7.5/10 for Credo Review

After the screening of CREDO at the Grimm Up North! festival this weekend, a review has been posted on the US film site Quiet Earth. Personally, I think it’s a really fair review. It would be good to know what other people think of it.

Posted on Saturday, October 31st, 2009 23:13:24 GMT by: projectcyclops

Year: 2008
Directors: Toni Harman
Writers: Alex Wakeford
IMDB: link
Trailer: link
Review by: projectcyclops
Rating: 7.5 out of 10

Credo is a low-budget horror film directed by Tony Harman, written by Alex Wakeford and set in London. The film starts off with a group of Catholic students attempting to summon the devil himself. Of the five, Simon (the late Stephen Gately, who carries himself very well) is their leader, with his roots in Irish Catholicism; he’s seemingly obsessed with finding Satan, so as better to defeat him. Poor old Seth however, gets cold feet and runs away from the séance. Next morning, his four friends are all dead from suicide…

We then cut to another group of students, several years later, and they’ve just been evicted from their flat. Jock, a boisterous American… um… jock, has held one party too many and the landlord boots them onto the streets. Alice (MyAnna Burning) is a practical and dedicated psychology student who spends all her time in the college library studying for exams. Timmi is a shy brunette who has a secret crush, and Scott is a well intentioned nerd, who also has a secret crush. With their somewhat token and underwritten black friend Jasmine in tow, the five of them break into Eden Catholic Halls to spend a weekend of boozy fun and Ouija board tinkering.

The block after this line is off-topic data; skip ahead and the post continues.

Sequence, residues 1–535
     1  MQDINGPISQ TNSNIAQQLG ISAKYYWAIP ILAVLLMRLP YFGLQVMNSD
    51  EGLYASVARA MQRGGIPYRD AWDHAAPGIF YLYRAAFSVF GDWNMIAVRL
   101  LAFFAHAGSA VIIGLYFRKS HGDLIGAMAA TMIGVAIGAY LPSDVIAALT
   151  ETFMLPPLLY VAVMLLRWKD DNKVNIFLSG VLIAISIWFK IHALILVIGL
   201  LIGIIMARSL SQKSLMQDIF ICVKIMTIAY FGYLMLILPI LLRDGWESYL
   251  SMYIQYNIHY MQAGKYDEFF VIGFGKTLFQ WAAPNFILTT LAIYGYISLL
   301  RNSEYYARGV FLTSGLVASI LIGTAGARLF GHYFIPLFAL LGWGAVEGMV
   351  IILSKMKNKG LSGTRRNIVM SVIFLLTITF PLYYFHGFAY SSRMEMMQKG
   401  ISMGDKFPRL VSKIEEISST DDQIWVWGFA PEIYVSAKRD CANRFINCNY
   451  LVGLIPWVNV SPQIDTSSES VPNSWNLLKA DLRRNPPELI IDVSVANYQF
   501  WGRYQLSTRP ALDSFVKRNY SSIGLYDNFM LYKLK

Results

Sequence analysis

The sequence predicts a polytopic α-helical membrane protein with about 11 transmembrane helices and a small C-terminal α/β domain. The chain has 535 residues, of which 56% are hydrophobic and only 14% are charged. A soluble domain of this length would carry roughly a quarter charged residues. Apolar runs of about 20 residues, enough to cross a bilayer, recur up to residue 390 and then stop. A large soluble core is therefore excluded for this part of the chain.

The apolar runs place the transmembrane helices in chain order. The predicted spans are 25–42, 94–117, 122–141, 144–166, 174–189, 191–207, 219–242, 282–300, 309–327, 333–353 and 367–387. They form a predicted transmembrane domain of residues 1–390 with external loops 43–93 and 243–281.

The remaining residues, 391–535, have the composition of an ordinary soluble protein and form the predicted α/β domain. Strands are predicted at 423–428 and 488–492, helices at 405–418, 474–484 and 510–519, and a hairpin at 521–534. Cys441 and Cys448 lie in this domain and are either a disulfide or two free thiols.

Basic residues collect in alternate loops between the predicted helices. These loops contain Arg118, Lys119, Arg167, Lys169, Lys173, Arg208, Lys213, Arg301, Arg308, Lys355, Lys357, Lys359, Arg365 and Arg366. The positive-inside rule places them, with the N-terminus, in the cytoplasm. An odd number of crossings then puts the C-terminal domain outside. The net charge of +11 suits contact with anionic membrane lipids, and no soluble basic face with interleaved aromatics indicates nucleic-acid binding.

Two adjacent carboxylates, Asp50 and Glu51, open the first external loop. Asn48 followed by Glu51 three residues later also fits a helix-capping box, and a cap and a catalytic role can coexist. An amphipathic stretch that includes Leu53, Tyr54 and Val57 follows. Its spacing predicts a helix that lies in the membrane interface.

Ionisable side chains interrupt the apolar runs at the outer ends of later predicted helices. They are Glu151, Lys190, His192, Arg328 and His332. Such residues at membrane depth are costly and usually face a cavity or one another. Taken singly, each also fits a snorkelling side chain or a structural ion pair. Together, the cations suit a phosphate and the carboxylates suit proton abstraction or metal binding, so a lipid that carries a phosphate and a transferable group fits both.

Hands-down the best thing about Credo is this, and if you really don’t want a slight spoiler then skip to the next paragraph: It’s old-school, it’s cerebral and it’s scary, but there is no horror except that which is suggested. I live for a film that can scare me without resorting to buckets of gore, grotesque make-up or weak CGI, and once Credo gets going, it’s really an effective horror film. After a shaky start which has some pretty dodgy acting, the film finds its feet and we follow the characters through a terrifying journey in which Satan will try his best, through hallucination and time-shifts, to convince each person to commit suicide, so they die in sin and he claims their souls.

Harman has wisely chosen an incredible location for Eden, it’s a huge complex of run-down bedrooms and hallways, full of old mattresses and filthy radiators, broken lights and years worth of dust and grime, and it helps to perfectly set the tone and atmosphere for the film. Scott attaches cameras around the building too, and we get shots on his laptop in night-vision which are used effectively and add to the chills. The music and sound design warrant mention too, as they are simply terrific in turning-up the fright factor and keeping the audience tense as to the next scare, especially the microphone that Scott uses to pick up signals that humans can’t normally hear, that freaked me out completely!

In all – An effective and chilling horror film that uses inventive camera work, imaginative sound design and that overlooked little technique known as suspense and suggestion to create some real scares.

Credo Poster Image

Credo Old Poster Image

 

 

 

 

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~ by female film maker on November 2, 2009.

2 Responses to “7.5/10 for Credo Review”

  1. great review, glad to hear everything went well! Hope your okay

  2. Hey Toni. Hope all is well with you. Why don’t you film a horror movie in India. You wouldn’t believe the kind of mystery our land holds. If interested, let me know and I can tell you some amazingly true horror stories from the land of mysticisim

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